Valley Republicans hope party getting back on message
Story by Chris Graham
The new Senate GOP leadership team looks … different … than the one that was in place this time last year.
Conservative Lynchburg Sen. Stephen Newman is the new caucus chair, replacing moderate Glen Allen Sen. Walter Stosch, who barely survived a party-nomination challenge from the right wing in June – and also on the leadership team is conservative Harrisonburg Sen. Mark Obenshain, who will serve as a whip.
It is a clear change in direction for the Republican caucus, which lost the majority in the Senate in the Nov. 6 elections.
Valley Republicans are doing their part to play down the new course in favor of preaching the message of unity.
“That has been something that detractors of Republicans in the state senate have pointed to – the fact that we didn’t always get along,” Warrenton Sen.-elect Jill Holtzman Vogel told The Augusta Free Press.
“I think that that has hurt us, and I would like to think that the fact that we are in a minority status, and looking at how much more important it will be now more than ever for us to work together, for Republicans to decide that we need to rally around our Republican agenda and get back to what we really believe in. And to let the other stuff becomes background noise,” Vogel said.
Obenshain offered a similar message.
“I’d rather be in leadership in the majority rather than in a leadership position in the minority,” Obenshain told the AFP. “I think that it was a good time with the election results this year to step back and reassess where we are, what fights we’re picking, and try to figure out whether we can link arms and find issues that unify and unite Republicans, issues that are going to make a difference for Virginians. That’s the message that I think we need to focus on – to show people that we Republicans can effectively govern the Commonwealth of Virginia.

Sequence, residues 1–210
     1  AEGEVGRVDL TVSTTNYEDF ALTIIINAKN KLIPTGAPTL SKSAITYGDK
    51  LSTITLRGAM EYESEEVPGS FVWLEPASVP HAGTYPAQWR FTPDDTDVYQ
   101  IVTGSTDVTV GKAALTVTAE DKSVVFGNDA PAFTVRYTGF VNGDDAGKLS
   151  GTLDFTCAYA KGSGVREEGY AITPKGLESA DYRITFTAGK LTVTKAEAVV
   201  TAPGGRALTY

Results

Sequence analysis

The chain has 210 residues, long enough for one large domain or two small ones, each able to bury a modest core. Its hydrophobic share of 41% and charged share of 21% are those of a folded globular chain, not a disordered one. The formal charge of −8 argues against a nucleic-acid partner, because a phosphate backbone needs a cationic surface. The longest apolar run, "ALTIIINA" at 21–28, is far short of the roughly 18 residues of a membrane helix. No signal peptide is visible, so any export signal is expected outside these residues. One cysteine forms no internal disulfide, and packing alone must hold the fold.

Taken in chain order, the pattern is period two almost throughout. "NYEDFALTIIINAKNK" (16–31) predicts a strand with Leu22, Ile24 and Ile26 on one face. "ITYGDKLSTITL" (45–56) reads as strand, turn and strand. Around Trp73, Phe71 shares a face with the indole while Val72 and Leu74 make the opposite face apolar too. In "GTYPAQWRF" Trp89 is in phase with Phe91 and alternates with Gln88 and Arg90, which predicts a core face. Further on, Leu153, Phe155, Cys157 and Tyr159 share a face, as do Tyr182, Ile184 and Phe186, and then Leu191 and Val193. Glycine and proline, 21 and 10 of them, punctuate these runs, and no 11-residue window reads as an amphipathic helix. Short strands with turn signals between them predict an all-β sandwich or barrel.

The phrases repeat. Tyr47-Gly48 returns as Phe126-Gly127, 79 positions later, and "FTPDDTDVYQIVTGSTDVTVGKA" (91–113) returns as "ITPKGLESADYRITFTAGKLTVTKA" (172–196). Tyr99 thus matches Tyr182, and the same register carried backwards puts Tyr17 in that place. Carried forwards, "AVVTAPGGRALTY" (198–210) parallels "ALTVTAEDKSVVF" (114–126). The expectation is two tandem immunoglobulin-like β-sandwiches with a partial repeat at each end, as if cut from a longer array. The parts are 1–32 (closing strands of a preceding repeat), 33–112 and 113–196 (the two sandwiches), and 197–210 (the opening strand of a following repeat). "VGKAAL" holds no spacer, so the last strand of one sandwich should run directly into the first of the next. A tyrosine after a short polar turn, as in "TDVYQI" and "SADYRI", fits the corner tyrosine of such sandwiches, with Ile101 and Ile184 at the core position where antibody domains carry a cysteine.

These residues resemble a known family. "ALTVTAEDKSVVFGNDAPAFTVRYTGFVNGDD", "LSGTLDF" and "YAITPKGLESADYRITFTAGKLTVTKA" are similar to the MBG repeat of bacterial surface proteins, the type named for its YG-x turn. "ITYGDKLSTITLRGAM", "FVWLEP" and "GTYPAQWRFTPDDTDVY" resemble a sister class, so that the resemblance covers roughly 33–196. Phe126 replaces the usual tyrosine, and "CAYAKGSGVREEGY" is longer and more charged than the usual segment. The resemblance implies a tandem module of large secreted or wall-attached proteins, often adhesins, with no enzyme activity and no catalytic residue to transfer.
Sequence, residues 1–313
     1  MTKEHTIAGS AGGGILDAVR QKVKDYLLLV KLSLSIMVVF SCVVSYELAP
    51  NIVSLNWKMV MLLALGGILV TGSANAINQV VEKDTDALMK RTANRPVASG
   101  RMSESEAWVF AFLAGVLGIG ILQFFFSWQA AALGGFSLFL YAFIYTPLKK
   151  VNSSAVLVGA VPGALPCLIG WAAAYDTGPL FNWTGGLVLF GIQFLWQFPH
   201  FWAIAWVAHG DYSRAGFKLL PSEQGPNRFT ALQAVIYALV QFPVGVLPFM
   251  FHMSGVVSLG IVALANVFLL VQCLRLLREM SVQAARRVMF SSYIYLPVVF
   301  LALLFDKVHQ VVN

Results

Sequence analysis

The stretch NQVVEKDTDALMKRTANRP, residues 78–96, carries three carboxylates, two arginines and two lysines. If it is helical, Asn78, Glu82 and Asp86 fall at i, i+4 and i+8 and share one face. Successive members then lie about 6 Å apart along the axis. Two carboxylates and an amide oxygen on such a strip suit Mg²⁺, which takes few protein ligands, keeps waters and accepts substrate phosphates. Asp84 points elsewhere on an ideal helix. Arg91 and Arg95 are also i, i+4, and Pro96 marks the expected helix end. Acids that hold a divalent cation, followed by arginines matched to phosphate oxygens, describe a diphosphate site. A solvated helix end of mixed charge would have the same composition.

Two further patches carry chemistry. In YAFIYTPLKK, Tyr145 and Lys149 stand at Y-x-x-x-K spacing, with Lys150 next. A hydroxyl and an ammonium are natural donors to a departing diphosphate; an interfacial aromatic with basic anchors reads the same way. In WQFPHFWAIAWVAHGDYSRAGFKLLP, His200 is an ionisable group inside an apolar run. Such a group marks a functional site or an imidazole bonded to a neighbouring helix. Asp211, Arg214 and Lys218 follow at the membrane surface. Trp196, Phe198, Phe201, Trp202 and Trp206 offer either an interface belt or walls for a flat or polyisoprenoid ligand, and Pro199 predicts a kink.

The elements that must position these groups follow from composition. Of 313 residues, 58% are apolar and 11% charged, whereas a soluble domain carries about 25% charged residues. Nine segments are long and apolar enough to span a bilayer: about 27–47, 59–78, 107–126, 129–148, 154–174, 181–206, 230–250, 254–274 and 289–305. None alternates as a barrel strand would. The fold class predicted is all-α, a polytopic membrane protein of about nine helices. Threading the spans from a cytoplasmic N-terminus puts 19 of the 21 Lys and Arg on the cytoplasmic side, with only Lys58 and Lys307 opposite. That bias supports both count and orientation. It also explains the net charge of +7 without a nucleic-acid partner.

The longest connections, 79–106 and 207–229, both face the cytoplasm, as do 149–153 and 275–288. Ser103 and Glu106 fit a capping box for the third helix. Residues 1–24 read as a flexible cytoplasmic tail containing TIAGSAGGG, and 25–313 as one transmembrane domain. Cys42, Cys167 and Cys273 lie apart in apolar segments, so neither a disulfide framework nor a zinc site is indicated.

“We are obviously now in the minority in the Senate, but I don’t plan to stay there very long in the minority,” Obenshain said.
Augusta County Sen. Emmett Hanger, a self-styled conservative who has been allied with the moderate camp that includes Stosch and retiring senators John Chichester and Russ Potts in recent years, also seems to be on theme.
“If we’re going to reestablish itself as the majority party, some of us are going to have to enter the debate in a more meaningful way statewide and really reenergize what I think is a strong base in the Republican Party,” Hanger told the AFP.
“An overwhelming majority of Virginians, I think, identify with our platform – but we’ve been positioned so that the Republican Party has been portrayed as being a bit extreme in some areas,” Hanger said.
Chris Graham is the executive editor of The Augusta Free Press.